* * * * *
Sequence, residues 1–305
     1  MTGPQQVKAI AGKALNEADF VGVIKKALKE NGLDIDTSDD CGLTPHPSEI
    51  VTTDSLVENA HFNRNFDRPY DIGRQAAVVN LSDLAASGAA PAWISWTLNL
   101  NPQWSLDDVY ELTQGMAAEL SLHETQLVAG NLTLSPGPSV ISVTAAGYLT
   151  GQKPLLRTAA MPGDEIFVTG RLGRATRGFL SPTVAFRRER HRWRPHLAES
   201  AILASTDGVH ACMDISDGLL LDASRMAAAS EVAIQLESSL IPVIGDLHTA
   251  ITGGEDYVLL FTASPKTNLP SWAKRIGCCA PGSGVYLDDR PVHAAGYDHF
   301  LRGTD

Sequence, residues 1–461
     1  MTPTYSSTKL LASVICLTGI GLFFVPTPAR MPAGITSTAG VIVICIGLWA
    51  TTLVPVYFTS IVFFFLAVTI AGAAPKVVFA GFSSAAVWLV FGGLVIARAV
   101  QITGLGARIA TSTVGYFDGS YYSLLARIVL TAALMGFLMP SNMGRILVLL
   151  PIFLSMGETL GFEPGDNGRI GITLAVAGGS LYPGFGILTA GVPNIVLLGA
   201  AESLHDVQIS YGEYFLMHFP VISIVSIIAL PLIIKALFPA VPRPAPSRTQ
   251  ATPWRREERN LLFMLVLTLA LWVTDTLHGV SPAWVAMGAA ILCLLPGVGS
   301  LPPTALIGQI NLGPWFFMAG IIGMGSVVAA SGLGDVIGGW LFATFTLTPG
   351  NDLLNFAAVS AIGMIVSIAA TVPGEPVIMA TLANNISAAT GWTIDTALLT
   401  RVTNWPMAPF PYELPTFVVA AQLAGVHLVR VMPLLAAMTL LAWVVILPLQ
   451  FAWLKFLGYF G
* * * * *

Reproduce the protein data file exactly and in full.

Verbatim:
Sequence, residues 1–305
     1  MTGPQQVKAI AGKALNEADF VGVIKKALKE NGLDIDTSDD CGLTPHPSEI
    51  VTTDSLVENA HFNRNFDRPY DIGRQAAVVN LSDLAASGAA PAWISWTLNL
   101  NPQWSLDDVY ELTQGMAAEL SLHETQLVAG NLTLSPGPSV ISVTAAGYLT
   151  GQKPLLRTAA MPGDEIFVTG RLGRATRGFL SPTVAFRRER HRWRPHLAES
   201  AILASTDGVH ACMDISDGLL LDASRMAAAS EVAIQLESSL IPVIGDLHTA
   251  ITGGEDYVLL FTASPKTNLP SWAKRIGCCA PGSGVYLDDR PVHAAGYDHF
   301  LRGTD

Sequence, residues 1–461
     1  MTPTYSSTKL LASVICLTGI GLFFVPTPAR MPAGITSTAG VIVICIGLWA
    51  TTLVPVYFTS IVFFFLAVTI AGAAPKVVFA GFSSAAVWLV FGGLVIARAV
   101  QITGLGARIA TSTVGYFDGS YYSLLARIVL TAALMGFLMP SNMGRILVLL
   151  PIFLSMGETL GFEPGDNGRI GITLAVAGGS LYPGFGILTA GVPNIVLLGA
   201  AESLHDVQIS YGEYFLMHFP VISIVSIIAL PLIIKALFPA VPRPAPSRTQ
   251  ATPWRREERN LLFMLVLTLA LWVTDTLHGV SPAWVAMGAA ILCLLPGVGS
   301  LPPTALIGQI NLGPWFFMAG IIGMGSVVAA SGLGDVIGGW LFATFTLTPG
   351  NDLLNFAAVS AIGMIVSIAA TVPGEPVIMA TLANNISAAT GWTIDTALLT
   401  RVTNWPMAPF PYELPTFVVA AQLAGVHLVR VMPLLAAMTL LAWVVILPLQ
   451  FAWLKFLGYF G